But yeah, if someone wants to do it, more power to them, as you said. I just think articles like that make it sound more important/meaningful than it really is. You aren't going to net an extra $500 by adding a "3% on something" card unless you are spending an enormous amount of money anyway.

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Vattené
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Re: December 2015 Garden Club

Postby Vattené » Thu Dec 17, 2015 1:47 pm

kdm31091 wrote:I wanted to think it was merely saying "you're missing out by not using cash back cards at all", a point with which I agree, but it appears they were saying to get a flat 2% card and then add a bunch of "3% on this and that" cards, which is just unnecessary and gives little gain for most people.

But yeah, if someone wants to do it, more power to them, as you said. I just think articles like that make it sound more important/meaningful than it really is. You aren't going to net an extra $500 by adding a "3% on something" card unless you are spending an enormous amount of money anyway.


Also it's one thing to fully realize what you're actually gaining by doing this and consider it worthwhile (again, nothing against anyone that wants to take advantage of every penny in rewards they possibly can), but I think we both feel the issue is people not thinking it through all the way and realizing that in absolute terms they won't be getting much. They think along the lines of, "hey, I have to fill up every week and 3% is a lot so I might as well sign up for a gas-specific card."

Personally, I would rather sign up for a bunch of store accounts than niche cash back cards. If you did it when you were making a large purchase, you could get an upfront discount rather than spending all the money for a year to build up enough rewards to redeem for a statement credit, for example.
-Vattené
FICO-8:
EX - 809 (11/16) | TU - 803 (11/16)
Primary Cards:
American Express EveryDay - $20,000 (10/14)
Discover it - $23,000 (2/14)
AU on Barclay Sallie Mae - $10,000 (8/15)
plus several store accounts of varying usefulness now

4ktvs
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Re: December 2015 Garden Club

Postby 4ktvs » Thu Dec 17, 2015 2:12 pm

CarefulBuilder14 wrote:
4ktvs wrote:
kdm31091 wrote:Nope, maxing it out isn't necessary. You just want to show regular usage (more than just one tiny purchase a month for example).


Okay that sounds good, hopefully it works and I get a good CLI.

I am still kind of upset over it, but worse things have happened that's for sure. A grade A+ first world problem is what this is.

The reports I saw of SP CLIs from FNBO gave no explicit mention (as far as I can recall) of transaction frequency or average spend.

You can look into it further, but I wouldn't be at all surprised if they'd frown on only getting a trivial amount of business when it came time to ask for a CLI.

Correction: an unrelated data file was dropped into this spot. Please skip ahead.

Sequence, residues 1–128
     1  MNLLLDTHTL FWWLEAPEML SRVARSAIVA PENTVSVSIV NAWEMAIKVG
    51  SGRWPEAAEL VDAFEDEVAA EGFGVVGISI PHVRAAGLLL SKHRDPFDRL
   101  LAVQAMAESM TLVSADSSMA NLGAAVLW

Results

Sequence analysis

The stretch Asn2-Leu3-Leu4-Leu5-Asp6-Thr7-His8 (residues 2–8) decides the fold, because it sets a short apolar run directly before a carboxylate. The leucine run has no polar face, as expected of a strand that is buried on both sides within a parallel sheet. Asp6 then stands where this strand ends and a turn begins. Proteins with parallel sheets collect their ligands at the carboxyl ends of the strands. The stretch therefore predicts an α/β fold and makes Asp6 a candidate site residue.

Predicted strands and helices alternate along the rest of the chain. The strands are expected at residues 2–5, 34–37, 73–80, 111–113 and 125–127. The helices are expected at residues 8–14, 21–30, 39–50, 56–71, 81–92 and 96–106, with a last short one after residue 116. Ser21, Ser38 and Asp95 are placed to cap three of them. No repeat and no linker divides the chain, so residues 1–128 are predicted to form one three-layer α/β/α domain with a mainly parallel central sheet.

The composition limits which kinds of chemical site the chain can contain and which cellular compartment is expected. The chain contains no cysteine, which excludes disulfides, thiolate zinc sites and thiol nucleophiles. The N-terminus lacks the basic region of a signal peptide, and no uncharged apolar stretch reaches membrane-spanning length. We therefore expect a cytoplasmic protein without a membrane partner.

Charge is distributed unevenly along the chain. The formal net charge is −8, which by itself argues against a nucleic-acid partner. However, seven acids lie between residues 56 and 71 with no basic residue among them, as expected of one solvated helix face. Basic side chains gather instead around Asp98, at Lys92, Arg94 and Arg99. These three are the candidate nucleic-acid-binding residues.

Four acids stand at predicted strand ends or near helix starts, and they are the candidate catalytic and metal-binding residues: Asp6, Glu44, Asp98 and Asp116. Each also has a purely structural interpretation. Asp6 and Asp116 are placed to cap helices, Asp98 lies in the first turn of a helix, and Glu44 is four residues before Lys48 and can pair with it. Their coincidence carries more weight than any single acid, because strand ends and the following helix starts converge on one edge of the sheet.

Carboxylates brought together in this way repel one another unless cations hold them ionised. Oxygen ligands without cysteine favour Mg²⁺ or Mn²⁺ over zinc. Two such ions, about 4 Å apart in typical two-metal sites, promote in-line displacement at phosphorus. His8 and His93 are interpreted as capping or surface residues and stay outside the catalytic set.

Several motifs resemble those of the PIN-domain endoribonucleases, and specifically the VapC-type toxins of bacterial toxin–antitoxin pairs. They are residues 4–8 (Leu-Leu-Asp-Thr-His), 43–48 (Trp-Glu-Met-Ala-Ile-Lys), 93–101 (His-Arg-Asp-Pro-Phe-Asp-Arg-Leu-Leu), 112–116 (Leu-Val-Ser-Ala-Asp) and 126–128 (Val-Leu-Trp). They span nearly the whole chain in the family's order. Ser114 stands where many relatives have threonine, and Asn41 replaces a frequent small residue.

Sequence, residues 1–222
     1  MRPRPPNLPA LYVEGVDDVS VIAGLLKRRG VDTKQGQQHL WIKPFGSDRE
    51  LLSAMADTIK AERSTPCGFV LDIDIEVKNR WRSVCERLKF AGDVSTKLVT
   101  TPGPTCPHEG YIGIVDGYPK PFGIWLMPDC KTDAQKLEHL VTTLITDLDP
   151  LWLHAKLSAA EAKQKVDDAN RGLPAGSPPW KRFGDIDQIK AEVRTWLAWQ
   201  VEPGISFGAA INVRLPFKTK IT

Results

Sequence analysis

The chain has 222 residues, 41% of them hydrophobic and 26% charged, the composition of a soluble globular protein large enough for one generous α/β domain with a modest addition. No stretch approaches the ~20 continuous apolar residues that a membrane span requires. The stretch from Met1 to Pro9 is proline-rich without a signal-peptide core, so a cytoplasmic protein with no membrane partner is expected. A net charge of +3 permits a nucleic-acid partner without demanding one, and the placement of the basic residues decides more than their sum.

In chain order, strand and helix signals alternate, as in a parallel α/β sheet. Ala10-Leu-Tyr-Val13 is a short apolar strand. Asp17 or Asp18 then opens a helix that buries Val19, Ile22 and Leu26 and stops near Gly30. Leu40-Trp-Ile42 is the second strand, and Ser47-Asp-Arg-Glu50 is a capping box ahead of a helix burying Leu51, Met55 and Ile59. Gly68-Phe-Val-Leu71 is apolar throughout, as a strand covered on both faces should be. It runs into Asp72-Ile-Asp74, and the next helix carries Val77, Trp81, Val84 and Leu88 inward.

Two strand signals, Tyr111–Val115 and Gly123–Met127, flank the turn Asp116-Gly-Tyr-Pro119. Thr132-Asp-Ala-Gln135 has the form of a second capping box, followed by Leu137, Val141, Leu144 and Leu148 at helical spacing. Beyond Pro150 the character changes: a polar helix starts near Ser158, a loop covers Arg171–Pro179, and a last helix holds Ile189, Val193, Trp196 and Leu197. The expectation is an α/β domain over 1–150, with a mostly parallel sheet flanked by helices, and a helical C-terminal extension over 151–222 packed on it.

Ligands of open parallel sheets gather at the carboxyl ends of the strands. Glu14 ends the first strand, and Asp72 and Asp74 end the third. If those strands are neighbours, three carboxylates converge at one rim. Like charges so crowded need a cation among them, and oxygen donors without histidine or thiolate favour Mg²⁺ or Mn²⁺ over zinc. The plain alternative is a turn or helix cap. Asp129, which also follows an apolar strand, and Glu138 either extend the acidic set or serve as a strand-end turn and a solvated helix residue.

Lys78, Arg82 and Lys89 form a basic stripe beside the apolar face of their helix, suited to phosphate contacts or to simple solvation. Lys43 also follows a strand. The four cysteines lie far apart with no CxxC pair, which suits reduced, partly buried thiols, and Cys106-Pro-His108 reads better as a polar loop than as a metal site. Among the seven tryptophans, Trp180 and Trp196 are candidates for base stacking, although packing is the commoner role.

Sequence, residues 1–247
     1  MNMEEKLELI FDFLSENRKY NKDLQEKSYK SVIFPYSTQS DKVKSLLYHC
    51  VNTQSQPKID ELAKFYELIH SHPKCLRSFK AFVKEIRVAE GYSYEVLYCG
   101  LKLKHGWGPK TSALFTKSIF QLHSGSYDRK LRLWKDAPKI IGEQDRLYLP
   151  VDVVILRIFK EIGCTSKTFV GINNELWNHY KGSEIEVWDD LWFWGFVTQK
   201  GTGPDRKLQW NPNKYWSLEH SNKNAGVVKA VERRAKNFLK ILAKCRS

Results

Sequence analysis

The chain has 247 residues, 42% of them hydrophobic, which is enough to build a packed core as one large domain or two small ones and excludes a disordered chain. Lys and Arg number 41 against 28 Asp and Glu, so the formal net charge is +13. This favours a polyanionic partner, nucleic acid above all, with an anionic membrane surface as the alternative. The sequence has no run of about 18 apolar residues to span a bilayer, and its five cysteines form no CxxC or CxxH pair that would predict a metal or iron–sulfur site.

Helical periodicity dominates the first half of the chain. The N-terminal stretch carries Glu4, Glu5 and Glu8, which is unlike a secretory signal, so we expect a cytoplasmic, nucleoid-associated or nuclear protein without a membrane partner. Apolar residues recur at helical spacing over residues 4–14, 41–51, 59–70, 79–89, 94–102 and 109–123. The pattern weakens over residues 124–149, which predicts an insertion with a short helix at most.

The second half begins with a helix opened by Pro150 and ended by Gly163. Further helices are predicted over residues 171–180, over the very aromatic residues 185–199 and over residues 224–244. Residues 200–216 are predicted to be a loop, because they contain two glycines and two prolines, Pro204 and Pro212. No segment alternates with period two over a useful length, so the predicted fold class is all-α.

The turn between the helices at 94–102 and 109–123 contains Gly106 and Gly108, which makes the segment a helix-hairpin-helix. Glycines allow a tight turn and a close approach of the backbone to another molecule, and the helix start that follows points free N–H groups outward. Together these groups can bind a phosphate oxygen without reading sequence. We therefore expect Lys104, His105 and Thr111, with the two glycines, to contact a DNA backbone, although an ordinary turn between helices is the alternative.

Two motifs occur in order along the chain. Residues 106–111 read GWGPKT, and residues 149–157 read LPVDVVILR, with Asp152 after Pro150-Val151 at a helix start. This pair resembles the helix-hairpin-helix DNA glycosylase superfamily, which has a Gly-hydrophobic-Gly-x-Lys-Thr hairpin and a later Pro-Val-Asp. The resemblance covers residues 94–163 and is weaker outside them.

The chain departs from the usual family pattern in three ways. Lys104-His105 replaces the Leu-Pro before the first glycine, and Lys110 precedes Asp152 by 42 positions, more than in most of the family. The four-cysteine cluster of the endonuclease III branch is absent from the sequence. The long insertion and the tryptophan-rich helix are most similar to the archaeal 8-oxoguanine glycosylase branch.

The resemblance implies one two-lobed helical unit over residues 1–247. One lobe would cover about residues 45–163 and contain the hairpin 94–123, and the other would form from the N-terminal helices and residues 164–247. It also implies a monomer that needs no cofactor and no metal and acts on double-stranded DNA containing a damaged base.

On the other hand...$1k really is oddly low for someone who doesn't have a thin file. Maybe they see something they don't like?


I think one of those is the fact I have two cards less than 6 months old and under human UW review they worried I might be desperate for credit when I only have 2 cards older than a year in account age.

The fact is all 5 of the cards I had fit into less than two years of history also might have made them feel uneasy about what pattern is forming. They have risk models and I think they felt I was higher risk than most they chose to approve.

My only credit goal for 2016 is to get a CLI out of FNBO for this card and then likely ask for a 2nd CLI. If they give a limit I am okay with after the first CLI I will likely leave it alone, but it's hard to tell what will happen.

Vermonster
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Re: December 2015 Garden Club

Postby Vermonster » Thu Dec 17, 2015 2:49 pm

The biggest thing that people need to look at is "opportunity cost." Yes an app spree helps your AAoA by loading HPs and accounts at the same time and letting everything age together. But you generally end up with a ton of 0% offers that will be virtually wasted, or minimum spends that won't be met, or bonus savings that will be worthless. Opening that AARP for the extra 1% (which is already worthless if you eat in one day a year) might reduce the chances of a cli later on other cards. Those 36 store cards might lower your chances for a decent mortgage later in life costing you thousands in interest.

I'm sure people would reconsider the "$500 left on the table" if they could see everything they had to give up later in life for it.
Chase Freedom $9k~~Chase Sapphire Preferred $6.5k~~Amex Blue Cash Preferred $12.4k~~Citi Double Cash $4.7k